Myopia (Short-sightedness) Progression
Myopia is the medical term used to describe shortsightedness and emmetropia (from the Greek meaning well-proportioned) is the term used to describe perfect eyesight. Hyperopia is the term used to describe longsightedness and it is as a hypermetrope that we are all born.
The eye then undergoes a process called emmetropisation where we become progressively more short-sighted with the goal of emmetropia in mind. Unfortunately, in some cases, the eye does not stop at emmetropia but continues and becomes more and more short-sighted, this is thought to be the case in approximately 35% of the population. We do not fully understand the risk factors of triggers involved in the progression of myopia but we do know that heredity and excessive reading/close work do have a role to play. We know that the higher level of education (ie the more close study work done) then the greater the risk of being shortsighted.
Current thinking centres on the axial growth of the eyeball which is stimulated by peripheral defocus. When the eye does not completely focus ALL of the light hitting the retina, particularly the edges of the vision, then the brain tries to correct for this and stimulates the eye to grow more in an attempt to bring the whole image into focus. This is particularly apparent when reading; thus the more reading done the greater the risk of myopia. If the eyeball is too long the light will be focused before the retina, and therefore, will not be focused properly resulting in short-sightedness, myopia.
Recent research at Kings College London states that a gene has been isolated that determines whether a person could be shortsighted. This proves a heredity link but also could pave the way for gene therapy in the future.
Ways to control Myopic progression
It is well known that undercorrection of myopia (ie do not wear glasses or glasses are not strong enough) has a negative affect on the progression of myopia. That is to say if you are slightly short-sighted and do not wear your glasses or haven't had them checked in a while so that they are not powerful enough, then you are more likely to become more short-sighted. This is not the whole story, however, as wearing the correct spectacles only has a small affect on the rate of progression. Over the years there have been many theories postulated in an attempt to slow the progression of short-sightedness. Here are some of the more efficacious treatments available.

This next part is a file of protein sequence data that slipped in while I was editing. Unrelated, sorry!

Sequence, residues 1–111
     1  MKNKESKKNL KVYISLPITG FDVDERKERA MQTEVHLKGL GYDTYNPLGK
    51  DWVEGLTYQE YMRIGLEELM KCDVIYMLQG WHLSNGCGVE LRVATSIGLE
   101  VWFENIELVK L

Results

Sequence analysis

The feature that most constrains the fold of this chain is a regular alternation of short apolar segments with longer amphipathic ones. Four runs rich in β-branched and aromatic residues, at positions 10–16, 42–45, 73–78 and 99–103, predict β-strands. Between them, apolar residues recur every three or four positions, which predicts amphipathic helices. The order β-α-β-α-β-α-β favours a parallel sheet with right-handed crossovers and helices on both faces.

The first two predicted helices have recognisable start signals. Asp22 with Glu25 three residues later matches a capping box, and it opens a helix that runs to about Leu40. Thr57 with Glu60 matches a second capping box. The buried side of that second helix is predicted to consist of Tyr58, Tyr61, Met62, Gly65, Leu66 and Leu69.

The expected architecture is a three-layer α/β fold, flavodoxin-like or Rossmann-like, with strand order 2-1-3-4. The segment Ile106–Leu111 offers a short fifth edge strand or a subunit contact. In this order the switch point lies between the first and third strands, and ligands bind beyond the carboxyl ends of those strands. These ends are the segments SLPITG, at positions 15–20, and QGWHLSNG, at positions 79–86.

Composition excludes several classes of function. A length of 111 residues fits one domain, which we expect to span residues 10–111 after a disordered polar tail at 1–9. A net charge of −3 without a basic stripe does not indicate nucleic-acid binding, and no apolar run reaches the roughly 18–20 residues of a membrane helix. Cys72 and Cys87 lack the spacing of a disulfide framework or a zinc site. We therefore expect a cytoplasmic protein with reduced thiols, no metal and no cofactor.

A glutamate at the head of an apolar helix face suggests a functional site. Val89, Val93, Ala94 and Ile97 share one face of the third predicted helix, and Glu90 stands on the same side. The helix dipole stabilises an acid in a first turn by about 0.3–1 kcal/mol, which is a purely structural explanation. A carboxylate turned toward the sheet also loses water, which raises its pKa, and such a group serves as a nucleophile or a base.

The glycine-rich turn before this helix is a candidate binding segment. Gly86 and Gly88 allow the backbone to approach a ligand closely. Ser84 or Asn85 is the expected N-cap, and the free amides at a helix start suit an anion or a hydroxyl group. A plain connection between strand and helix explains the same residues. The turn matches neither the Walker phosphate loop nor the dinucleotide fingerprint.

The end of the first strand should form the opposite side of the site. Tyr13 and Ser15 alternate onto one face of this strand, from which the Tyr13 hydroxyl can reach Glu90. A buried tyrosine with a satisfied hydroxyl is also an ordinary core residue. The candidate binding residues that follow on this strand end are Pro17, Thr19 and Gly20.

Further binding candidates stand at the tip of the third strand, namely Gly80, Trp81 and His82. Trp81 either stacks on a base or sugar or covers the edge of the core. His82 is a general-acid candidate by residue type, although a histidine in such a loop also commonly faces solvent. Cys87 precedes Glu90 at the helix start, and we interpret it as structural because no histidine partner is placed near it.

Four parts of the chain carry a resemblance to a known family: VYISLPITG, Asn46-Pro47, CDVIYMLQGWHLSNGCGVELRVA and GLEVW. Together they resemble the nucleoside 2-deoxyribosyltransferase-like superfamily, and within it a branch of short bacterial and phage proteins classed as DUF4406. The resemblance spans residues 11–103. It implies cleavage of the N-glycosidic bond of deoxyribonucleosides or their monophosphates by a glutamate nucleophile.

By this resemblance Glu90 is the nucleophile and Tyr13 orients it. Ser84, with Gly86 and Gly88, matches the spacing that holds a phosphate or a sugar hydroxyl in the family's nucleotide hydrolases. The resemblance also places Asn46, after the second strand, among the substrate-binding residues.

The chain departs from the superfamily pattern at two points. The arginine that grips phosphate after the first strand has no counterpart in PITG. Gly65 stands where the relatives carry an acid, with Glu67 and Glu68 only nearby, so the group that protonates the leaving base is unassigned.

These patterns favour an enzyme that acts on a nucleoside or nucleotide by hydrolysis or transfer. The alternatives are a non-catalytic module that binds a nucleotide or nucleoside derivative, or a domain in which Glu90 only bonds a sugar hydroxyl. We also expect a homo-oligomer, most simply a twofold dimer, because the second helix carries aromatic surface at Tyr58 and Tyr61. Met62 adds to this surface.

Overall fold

- Drugs - Antimuscarinic drugs have been used very effectivley to reduce the progression of myopia. Atropine (isolated from deadly nightshade) or similar eyedrops are used to temporarily paralyse the eyes focusing ability. This method can be very effective, however, it also needs to be monitored in a hospital setting as the medication is extremely toxic. It, therefore, is not routinely used to treat children.
- Bifocal glasses - since the greatest affect of image blur causing eyeball growth occurs when reading it is thought that relaxing the eyes own focusing mechanisms and using a bifocal lens to create a more accurately focused image on the retina can remove the growth stimulus. Some studies have shown a 20% reduction in the myopia progression when using bifocal lenses.
- Varifocal glasses - Work on the same principle as bifocal lenses with the added advantage of better cosmesis. The lenses do not have a visible line on the lens. Studies have shown, however, that they are not as efficacious as bifocals and this may be due to the peripheral defocus inherent in all varifocal lenses.
- RGP Contact lenses - Rigid Gas permeable contact lenses have shown some promise in some studies and this is thought to be due to the superior image quality produced by the contact lens. On the whole though, RGP lenses are not thought to significantly reduce the rate of progression above standard glasses lenses.
- Soft multifocal contact lenses - this is currently the area of greatest research with coopervision launching their "misight" lens in Asia and other lens companies researching alternatives we are likely to see a host of options in the future. The theory behind these lenses is that the design allows for different focal points at different eccentricities of the lens. This means that the focus power changes the further out from the centre of the lens. Because the light is though to be incorrectly focussed in the periphery *(see image above) this seems to be an ideal solution to the problem. In fact studies have shown that myopia progression can be slowed in 30% or more using these lenses. More research is needed, however, as different lens designs could provide different results, but it is a very promising modality.
- Orthokeratology - Overnight vision correction is the most promising form of myopia control at present and is currently used regularly in Asia. Many studies are underway to assess how effective this modality is but recent published results show that the treatment reduces the risk of progression by over a half. It is though that due tot he corneal re-modelling (see ortho-k page for more information into how it works) the image is more effectively focused on the retina and, therefore, reduces the amount of myopic progression. OrthoK is our first choice method of myopia control due to it's ease of use and advantage of no corrective lenses being worn throughout the day.
If you are at all concerned please contact the practice so that one of our Optometrists can advise you of the best course of action. See the section on Emergency Eyecare for more information on how we can help.